Best for Economy – Mercedes-Benz V 220 d Standard
The standard-length V-Class with the less powerful engine is the more efficient of the two engine options, with an official consumption figure of 45.6mpg.
Best for Families – Mercedes-Benz V 220 d Extra Length
The extra space – in the cabin and in the boot – afforded by the longer-bodied V-Class makes it a more practical proposition for larger families.
- March 2015: V-Class launched in the UK
Understanding Mercedes-Benz V Class names
There are two engine options, both based on a 2.1-litre diesel unit. The 220 d has an output of 163PS, while the more powerful 250 d produces 190PS.
Trim AMG Line
There are just two trim levels. The base Sport trim is fitted with quite a lot of standard equipment, with the more expensive AMG Line including even more kit.
Mercedes-Benz V Class Engines
220 d, 250 d
The V-Class comes powered by just one kind of engine, a 2.1-litre diesel unit that is available in two different versions.
The base spec is the 220 d with a 163PS output that has an official fuel consumption figure of 45.6mpg and CO2 emissions of 163g/km. With a 0-62mph time of 11.8 seconds and top speed of 121mph, it's clearly built for cruising.
Adding another 27PS to take power up to 190PS, the 250 d is quicker (0-62mph in 9.1 seconds and a 129mph top speed), but without too much of an efficiency penalty, as economy drops slightly to 44.8mpg and CO2 emissions increase to 166g/km. There’s plenty of performance with this version, cruising and overtaking comfortably at motorway speeds and with enough grunt to pick up with surprisingly pace from a standing start for such a large vehicle.
Mercedes-Benz V Class Trims
Sport, AMG Line
The V-Class is available in three different sizes (Standard, Long and Extra Long) and two trim levels.
The V-Class Sport features standard equipment that includes 18-inch alloy wheels, LED headlights and tail lights, Active Parking Assist with reversing camera, roof rails, electrically folding mirrors, automatically dimming exterior driver’s mirror and rear-view mirror, powered tailgate, electric sliding doors, Agility Control comfort suspension, full-length sunroof (on Long cars only) and privacy glass. Inside, there’s black nappa leather, heated comfort front seats, ambient lighting, multifunction steering wheel, infotainment system (with navigation, DAB, Bluetooth and iPhone interface).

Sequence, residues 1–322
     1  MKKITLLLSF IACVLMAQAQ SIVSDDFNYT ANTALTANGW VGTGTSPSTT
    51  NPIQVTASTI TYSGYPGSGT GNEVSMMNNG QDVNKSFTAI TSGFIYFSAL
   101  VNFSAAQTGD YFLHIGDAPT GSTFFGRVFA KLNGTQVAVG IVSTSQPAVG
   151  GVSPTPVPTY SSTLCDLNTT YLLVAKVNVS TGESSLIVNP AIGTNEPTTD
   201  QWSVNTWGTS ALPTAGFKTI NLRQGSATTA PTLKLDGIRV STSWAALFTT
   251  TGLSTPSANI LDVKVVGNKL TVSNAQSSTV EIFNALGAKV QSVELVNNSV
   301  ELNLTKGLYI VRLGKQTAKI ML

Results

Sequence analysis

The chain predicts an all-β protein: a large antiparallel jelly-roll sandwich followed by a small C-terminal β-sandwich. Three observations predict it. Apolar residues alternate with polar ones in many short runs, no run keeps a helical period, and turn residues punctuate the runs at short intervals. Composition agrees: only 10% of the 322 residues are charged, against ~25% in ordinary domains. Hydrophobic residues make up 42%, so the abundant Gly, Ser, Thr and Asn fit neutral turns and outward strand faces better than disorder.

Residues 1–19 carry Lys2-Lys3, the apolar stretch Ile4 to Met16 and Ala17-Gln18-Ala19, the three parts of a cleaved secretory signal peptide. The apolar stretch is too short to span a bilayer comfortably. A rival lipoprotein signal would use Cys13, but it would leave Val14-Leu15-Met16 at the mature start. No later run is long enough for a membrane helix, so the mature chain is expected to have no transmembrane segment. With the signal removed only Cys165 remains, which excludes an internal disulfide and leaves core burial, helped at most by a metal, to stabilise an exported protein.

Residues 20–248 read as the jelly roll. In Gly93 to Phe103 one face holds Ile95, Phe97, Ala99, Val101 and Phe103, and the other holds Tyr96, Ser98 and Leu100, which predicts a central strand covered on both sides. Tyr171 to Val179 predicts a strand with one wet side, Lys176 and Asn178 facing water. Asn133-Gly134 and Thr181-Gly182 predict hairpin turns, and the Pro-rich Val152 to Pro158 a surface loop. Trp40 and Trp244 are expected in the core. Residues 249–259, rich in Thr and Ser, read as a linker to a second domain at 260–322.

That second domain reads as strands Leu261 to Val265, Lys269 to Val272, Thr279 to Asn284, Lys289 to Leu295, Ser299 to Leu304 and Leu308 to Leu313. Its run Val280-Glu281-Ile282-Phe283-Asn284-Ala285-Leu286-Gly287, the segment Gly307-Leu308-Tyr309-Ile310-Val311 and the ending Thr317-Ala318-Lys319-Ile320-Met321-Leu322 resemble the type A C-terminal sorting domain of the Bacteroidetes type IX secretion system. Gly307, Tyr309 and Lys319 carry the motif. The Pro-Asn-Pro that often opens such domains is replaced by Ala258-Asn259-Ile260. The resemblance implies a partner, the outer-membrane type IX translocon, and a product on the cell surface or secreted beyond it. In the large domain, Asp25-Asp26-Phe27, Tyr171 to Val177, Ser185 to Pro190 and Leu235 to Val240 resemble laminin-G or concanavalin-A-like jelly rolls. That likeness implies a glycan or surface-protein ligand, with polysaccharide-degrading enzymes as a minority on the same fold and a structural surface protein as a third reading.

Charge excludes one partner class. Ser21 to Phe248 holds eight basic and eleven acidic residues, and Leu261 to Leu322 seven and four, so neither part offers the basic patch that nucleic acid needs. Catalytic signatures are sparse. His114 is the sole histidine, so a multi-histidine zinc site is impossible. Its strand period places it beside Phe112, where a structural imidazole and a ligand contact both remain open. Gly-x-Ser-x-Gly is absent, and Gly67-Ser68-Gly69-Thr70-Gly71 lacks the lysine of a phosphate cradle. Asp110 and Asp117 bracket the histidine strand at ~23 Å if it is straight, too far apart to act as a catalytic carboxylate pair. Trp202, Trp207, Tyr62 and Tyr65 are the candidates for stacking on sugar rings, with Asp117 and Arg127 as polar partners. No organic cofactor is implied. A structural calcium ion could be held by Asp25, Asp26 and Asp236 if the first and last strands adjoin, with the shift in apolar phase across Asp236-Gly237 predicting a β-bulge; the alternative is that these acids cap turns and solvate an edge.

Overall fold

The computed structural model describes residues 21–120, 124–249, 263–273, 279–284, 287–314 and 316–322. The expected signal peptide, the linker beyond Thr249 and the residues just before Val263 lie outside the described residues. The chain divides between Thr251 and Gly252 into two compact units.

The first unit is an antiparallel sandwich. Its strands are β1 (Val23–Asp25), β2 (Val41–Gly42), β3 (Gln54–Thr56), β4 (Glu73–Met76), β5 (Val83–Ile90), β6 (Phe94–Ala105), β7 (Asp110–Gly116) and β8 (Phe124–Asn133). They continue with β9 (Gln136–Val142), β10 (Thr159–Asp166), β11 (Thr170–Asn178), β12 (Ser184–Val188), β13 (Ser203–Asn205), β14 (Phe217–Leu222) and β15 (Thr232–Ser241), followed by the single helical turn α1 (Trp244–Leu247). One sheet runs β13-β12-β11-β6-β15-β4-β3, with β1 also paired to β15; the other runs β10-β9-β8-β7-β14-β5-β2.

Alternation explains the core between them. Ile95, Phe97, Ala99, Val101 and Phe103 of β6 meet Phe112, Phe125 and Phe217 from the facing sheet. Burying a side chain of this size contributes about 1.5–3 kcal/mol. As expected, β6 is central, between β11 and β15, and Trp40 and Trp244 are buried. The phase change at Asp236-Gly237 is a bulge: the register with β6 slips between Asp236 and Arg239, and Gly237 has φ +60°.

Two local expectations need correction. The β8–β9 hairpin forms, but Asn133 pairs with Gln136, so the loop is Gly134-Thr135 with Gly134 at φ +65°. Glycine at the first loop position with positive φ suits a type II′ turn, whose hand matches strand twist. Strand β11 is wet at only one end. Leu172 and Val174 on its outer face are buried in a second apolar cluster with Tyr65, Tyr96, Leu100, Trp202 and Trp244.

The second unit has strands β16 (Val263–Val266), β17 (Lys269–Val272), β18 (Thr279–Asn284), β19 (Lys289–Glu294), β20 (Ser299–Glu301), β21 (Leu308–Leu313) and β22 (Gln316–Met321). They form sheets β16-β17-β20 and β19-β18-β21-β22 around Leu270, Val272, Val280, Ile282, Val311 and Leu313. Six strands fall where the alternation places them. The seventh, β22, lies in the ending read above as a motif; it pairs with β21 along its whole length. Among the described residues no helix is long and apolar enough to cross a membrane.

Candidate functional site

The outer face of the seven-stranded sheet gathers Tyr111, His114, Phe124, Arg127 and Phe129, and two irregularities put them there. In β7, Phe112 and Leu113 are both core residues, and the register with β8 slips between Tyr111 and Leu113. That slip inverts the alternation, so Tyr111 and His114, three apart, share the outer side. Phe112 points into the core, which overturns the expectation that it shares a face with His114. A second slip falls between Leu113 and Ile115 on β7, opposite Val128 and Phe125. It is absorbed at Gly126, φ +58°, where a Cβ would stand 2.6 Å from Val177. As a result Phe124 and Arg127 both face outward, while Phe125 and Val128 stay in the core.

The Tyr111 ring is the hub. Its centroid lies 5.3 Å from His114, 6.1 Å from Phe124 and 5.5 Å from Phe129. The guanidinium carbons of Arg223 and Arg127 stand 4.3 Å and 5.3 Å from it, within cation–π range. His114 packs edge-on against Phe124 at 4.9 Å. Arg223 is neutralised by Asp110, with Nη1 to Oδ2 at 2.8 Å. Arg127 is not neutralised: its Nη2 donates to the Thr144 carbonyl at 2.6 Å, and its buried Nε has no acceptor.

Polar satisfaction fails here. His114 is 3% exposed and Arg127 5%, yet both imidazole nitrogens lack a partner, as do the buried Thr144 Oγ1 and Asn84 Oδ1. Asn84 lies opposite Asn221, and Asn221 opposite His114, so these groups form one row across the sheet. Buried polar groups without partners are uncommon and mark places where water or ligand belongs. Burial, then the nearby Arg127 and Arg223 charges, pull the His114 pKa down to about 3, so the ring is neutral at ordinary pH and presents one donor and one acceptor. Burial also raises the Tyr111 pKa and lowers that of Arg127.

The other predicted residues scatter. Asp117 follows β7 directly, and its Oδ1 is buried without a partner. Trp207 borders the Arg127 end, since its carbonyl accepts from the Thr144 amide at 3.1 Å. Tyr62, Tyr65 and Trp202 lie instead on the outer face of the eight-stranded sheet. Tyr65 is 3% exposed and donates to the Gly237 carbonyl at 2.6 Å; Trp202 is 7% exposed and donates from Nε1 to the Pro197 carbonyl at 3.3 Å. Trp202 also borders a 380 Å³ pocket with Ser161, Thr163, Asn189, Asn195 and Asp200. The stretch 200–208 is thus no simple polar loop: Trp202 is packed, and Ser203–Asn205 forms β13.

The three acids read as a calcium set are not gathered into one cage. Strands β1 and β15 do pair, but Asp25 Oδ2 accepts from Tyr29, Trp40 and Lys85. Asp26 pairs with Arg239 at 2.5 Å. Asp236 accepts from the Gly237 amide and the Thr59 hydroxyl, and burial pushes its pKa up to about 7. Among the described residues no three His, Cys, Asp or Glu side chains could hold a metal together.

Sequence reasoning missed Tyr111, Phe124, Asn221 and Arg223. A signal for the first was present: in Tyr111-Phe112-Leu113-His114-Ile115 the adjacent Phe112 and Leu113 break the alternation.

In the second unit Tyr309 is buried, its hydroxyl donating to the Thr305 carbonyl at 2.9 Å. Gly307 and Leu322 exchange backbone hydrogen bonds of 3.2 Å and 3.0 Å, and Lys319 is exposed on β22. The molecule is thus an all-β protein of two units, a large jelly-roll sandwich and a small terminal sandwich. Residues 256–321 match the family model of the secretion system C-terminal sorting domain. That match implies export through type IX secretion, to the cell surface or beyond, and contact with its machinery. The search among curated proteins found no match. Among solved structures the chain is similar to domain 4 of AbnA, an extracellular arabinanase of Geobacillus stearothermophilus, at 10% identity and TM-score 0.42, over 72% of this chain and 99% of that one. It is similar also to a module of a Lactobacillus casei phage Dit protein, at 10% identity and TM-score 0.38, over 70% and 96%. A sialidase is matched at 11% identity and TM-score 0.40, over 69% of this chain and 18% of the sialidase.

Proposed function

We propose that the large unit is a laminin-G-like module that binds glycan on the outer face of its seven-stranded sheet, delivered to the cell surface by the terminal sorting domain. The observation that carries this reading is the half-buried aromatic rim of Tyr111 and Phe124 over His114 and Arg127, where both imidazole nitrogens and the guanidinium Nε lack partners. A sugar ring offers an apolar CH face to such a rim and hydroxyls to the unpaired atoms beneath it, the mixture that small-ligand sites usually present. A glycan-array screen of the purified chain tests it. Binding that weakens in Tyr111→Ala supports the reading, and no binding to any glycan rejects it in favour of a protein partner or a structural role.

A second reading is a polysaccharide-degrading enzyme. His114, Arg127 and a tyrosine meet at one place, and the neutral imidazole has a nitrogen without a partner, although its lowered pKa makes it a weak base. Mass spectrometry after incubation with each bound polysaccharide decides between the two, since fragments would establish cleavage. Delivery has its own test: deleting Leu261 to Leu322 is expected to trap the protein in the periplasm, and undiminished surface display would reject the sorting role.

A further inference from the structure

AMG Line adds 19-inch alloy wheels, AMG bodystyling features including a spoiler lip and front apron, rear apron with load sill guard in chrome and side sill panels; nappa leather seats, carbon-look trim and air vents in chrome; and sports pedals.
Mercedes-Benz V Class Reliability and warranty
The V-Class doesn’t sell in large enough numbers to register on the Driver Power survey, but a couple of Mercedes-Benz cars do make the top 75 cars, with the C-Class in the top 30.
Mercedes-Benz as a manufacturer doesn’t have a great showing in the list of most reliable manufacturers, though, coming in 21st place out of 27.
The warranty for the V-Class covers three years and an unlimited mileage in that period, which is pretty standard for the industry (although the Hyundai i800 has a five-year triple care package).
Used Mercedes-Benz V Class
If you want to pick up a used V-Class, two- or three-year-old models are available at healthy prices (for buyers) on BuyaCar: you can expect to save around 40% of the purchase price and pay £32,000 to £36,000 for vehicles with less than 40,000 miles on the clock (in some cases, as low as 20,000 miles).
Year-old, nearly new vehicles with less than 5,000 miles racked up are also on the market with around £10,000 off the list price when new.